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The annual James Baldwin Lecture series was launched on March 29, 2006, aiming to celebrate the work of Princeton faculty and to provide an occasion for the intellectual community to reflect on the issue of race and American democracy. The lectures also honor the work of the late essayist James Baldwin, one of America’s most powerful cultural critics.
Discrimination is obvious to the people facing discrimination. Given this, do we even need quantitative studies to test if it exists? Regardless of the answer, quantitative studies such as ProPublica’s “Machine Bias” have had a galvanizing effect on racial justice, especially in the context of automated decision-making. In this talk, I will discuss what the quantitative approach can reveal, but, more importantly, situations where it cannot tell us what we need to know. Both because of the inherent limits of quantification and because of the way knowledge is socially constructed in quantitative communities, such studies tend to drastically underestimate discrimination, oppression, and algorithmic harms. In the end, quantification is no substitute for centering the experiences of those harmed.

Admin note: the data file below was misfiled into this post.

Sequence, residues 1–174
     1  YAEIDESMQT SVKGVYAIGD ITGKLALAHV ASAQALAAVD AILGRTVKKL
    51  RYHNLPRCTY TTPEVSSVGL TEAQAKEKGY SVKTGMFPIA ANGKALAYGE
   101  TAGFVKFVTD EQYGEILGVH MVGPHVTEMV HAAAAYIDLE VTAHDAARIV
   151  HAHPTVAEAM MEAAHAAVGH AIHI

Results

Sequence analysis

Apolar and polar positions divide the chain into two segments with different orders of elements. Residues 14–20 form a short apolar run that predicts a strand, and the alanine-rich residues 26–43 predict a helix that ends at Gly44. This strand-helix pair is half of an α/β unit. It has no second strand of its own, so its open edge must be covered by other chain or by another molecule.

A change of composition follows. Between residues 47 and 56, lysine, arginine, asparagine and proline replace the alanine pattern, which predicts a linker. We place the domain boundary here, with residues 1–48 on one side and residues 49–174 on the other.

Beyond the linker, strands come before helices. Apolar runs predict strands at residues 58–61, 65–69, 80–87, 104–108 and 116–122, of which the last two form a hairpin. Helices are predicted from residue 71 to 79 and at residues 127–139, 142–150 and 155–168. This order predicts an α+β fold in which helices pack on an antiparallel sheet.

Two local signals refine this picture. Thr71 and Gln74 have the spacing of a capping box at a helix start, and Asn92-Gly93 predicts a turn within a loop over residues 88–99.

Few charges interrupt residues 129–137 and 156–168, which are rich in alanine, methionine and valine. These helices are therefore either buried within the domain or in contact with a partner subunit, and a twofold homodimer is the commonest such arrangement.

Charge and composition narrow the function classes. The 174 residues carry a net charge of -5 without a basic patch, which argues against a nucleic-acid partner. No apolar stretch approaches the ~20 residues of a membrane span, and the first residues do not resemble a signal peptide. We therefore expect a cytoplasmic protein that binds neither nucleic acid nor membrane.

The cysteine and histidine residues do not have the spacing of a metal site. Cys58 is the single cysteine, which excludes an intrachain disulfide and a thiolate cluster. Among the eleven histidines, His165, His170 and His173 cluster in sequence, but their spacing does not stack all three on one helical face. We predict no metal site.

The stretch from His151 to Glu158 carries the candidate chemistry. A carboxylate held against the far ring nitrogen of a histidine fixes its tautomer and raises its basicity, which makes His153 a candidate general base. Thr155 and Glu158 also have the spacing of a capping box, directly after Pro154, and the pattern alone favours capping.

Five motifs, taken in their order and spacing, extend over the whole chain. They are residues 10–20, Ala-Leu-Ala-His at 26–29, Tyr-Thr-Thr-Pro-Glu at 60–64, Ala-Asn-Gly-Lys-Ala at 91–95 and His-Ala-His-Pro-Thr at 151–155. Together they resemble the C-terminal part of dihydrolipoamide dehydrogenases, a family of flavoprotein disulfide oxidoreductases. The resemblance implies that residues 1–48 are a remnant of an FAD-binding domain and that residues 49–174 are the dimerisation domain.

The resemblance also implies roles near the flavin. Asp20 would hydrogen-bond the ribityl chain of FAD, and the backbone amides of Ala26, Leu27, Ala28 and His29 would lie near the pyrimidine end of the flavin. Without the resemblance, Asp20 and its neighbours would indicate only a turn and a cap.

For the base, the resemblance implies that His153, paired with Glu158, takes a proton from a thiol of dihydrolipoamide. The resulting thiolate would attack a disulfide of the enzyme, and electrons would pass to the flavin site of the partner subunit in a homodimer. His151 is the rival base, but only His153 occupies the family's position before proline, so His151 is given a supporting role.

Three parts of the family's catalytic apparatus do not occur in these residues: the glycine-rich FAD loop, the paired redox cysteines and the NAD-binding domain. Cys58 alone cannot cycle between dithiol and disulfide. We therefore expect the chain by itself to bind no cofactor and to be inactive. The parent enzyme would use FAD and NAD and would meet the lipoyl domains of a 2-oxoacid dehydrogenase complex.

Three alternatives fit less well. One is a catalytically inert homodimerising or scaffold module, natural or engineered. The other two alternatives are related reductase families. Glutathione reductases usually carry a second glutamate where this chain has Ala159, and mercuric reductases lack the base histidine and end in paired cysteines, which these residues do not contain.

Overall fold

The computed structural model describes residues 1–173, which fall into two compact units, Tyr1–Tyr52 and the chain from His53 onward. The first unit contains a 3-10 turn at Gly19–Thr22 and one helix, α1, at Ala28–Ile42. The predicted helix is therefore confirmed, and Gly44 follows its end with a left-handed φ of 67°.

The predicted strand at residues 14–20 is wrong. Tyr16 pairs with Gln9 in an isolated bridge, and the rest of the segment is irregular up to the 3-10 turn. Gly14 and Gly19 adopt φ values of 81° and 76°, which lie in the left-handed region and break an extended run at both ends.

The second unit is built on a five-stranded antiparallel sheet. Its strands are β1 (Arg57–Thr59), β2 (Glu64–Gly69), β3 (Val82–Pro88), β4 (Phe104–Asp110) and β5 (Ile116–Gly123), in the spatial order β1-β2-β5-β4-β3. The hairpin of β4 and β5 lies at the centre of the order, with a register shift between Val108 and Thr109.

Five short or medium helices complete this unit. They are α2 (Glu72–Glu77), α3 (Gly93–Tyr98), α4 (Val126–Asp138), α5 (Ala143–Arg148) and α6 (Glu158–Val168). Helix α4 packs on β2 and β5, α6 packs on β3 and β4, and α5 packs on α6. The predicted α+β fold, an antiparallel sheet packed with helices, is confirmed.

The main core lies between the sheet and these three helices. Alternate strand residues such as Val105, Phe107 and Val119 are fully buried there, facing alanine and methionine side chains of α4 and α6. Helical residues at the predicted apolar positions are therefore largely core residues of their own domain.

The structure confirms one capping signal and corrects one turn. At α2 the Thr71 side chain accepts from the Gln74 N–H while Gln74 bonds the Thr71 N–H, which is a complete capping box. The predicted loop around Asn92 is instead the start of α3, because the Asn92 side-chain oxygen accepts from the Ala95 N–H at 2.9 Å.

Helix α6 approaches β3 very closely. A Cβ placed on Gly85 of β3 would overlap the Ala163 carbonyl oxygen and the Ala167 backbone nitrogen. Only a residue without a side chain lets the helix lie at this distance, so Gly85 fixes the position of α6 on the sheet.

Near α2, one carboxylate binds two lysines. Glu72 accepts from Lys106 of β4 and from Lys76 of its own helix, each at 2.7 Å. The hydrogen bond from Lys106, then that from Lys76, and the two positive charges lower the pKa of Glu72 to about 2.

Arvind Narayanan is a professor of computer science at Princeton. His work was among the first to show how machine learning reflects cultural stereotypes including racial and gender biases. He is co-authoring a textbook in fairness and machine learning. Narayanan co-created an online course and textbook on bitcoin and cryptocurrency technologies which has been used in over 150 courses worldwide. He is a recipient of the Presidential Early Career Award for Scientists and Engineers (PECASE), twice recipient of the Privacy Enhancing Technologies Award, and thrice recipient of the Privacy Papers for Policy Makers Award.
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